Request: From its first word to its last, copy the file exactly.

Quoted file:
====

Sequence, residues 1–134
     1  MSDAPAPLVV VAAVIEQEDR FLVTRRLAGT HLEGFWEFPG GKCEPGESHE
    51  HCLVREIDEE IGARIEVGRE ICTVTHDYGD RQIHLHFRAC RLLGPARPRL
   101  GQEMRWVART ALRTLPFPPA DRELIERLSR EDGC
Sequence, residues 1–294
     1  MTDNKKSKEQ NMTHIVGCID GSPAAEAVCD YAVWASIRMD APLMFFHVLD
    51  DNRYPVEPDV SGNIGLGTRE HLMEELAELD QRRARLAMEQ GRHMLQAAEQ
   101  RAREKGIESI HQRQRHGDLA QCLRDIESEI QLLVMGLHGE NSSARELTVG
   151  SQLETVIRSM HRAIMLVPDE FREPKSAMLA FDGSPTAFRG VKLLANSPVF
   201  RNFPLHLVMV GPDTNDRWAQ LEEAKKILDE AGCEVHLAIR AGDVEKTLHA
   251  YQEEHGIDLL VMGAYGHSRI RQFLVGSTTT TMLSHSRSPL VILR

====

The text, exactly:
Sequence, residues 1–134
     1  MSDAPAPLVV VAAVIEQEDR FLVTRRLAGT HLEGFWEFPG GKCEPGESHE
    51  HCLVREIDEE IGARIEVGRE ICTVTHDYGD RQIHLHFRAC RLLGPARPRL
   101  GQEMRWVART ALRTLPFPPA DRELIERLSR EDGC
Sequence, residues 1–294
     1  MTDNKKSKEQ NMTHIVGCID GSPAAEAVCD YAVWASIRMD APLMFFHVLD
    51  DNRYPVEPDV SGNIGLGTRE HLMEELAELD QRRARLAMEQ GRHMLQAAEQ
   101  RAREKGIESI HQRQRHGDLA QCLRDIESEI QLLVMGLHGE NSSARELTVG
   151  SQLETVIRSM HRAIMLVPDE FREPKSAMLA FDGSPTAFRG VKLLANSPVF
   201  RNFPLHLVMV GPDTNDRWAQ LEEAKKILDE AGCEVHLAIR AGDVEKTLHA
   251  YQEEHGIDLL VMGAYGHSRI RQFLVGSTTT TMLSHSRSPL VILR